In After Hope and Change, we look at the 2012 campaign, in which Barack Obama ran against Mitt Romney and the memory of George W. Bush.
Chris Cillizza writes at The Washington Post:
Obama was elected in 2008 on a stated promise that he would restore competence to government. He pitched himself as the antidote to “Heck of a job, Brownie" and the Bush years, the person who would always put the most qualified candidate in every job in his Administration. That the basic functioning of government would never be in question.
Almost six years on from that election, however, Obama is faltering badly on the competence question and, in so doing, badly imperiling not only his ability to enact any sort of second term agenda but also Democrats’ chances this fall. A series of events — from the VA scandal to the ongoing border crisis to the situation in Ukraine to the NSA spying program — have badly undermined the idea that Obama can effectively manage the government.
The latest evidence is a question in a CNN/Opinion Research Corporation poll released Sunday that asks whether the phrase “can manage the government effectively” applies to Obama. Just more than four in ten (42 percent) said that it does while 57 percent said it does not. (It was the lowest that Obama scored on any of the six characteristic questions CNN asked in the survey.)
According to the CNN poll, a shrinking number of Americans think that President Obama “is sincere in what he says.”
July 18-20, 2014………49%
January 14-16, 2011…65%
June 16, 2010…………64%
January 22-24, 2010…63%
If a rematch of the 2012 presidential election were held today, GOP nominee Mitt Romney would top President Barack Obama in the popular vote, according to a new national survey.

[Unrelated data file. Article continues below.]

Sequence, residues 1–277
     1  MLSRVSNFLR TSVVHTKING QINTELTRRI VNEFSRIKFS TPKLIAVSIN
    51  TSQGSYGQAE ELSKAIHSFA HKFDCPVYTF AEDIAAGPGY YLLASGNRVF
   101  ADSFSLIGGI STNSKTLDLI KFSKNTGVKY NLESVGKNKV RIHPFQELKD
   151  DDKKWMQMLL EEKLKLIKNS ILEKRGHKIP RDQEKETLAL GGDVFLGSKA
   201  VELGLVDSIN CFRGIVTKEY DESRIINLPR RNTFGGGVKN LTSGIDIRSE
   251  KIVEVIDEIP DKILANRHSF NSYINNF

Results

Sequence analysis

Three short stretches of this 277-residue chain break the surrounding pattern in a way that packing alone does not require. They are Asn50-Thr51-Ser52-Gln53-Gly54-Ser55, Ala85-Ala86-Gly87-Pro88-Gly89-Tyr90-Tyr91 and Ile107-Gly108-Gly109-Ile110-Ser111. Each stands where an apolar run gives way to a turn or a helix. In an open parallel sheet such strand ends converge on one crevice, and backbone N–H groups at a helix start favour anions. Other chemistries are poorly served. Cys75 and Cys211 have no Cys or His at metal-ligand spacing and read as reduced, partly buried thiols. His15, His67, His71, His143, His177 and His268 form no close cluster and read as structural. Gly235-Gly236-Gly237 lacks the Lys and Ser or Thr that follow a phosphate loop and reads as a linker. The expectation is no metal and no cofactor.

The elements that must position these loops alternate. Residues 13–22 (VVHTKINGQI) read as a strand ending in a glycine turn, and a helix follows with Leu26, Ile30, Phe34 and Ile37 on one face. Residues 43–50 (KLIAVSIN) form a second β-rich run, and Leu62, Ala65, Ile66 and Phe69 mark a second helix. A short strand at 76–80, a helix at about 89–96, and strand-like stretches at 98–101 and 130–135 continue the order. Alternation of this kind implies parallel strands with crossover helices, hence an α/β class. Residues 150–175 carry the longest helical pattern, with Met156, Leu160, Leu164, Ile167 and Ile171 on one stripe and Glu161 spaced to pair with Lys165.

But a CNN/ORC International poll also indicates that if Romney changes his mind and runs again for the White House, Hillary Clinton would best him by double digits in a hypothetical showdown.
President Obama ascended to — and stayed in — the Oval Office by campaigning on the lofty ideals of hope and change, urging Americans to reject pessimism and look toward a more promising future.
Close to six years into his presidency, Obama no longer has to run for re-election. But he is resurrecting his campaign rhetoric as part of a midterm strategy of public speeches that hammer Republicans, return to the aspirational language that helped elevate him to office and boost his populist bona fides by getting him out of Washington more often andinteracting with ordinary people.
At Foreign Policy, James Traub writes:
I had high hopes for the Obama reformulation. I was delighted by the president’s 2009 speech in Cairo — too delighted, perhaps, to notice that he offered little beyond his own voice and story. (That was part of Kagan’s point.) The president and his team believed that the world was prepared to embrace a new voice and a new face. No doubt the French and the Germans were, but the Arabs were not. They wanted to be rid of the stultifying autocracies that kept them in thrall; they wanted a Palestinian state — and not an Israeli one. Obama couldn’t deliver those things. And when the autocracies fell, or tottered, Obama’s native prudence kept the United States largely on the sidelines, both in places like Bahrain, where he probably could have made no difference, and in ones like Syria, where he lost the chance to limit atrocities and halt the slide toward chaos. The most recent Pew Research Center survey of global attitudes toward the United States found that Egypt scored dead last, with 10 percent holding a favorable view. That’s just a tick below Jordan, America’s staunchest Arab ally, where only 12 percent hold a favorable view.
The Las Vegas Journal-Review reports:
In its latest video, the Republican National Committee (RNC) takes the Fundraiser-in-Chief to task: as Fox News White House correspondent Ed Henry put it to Obama’s press secretary, Josh Earnest: “There are five workdays this week, and three of them, he’s fundraising.”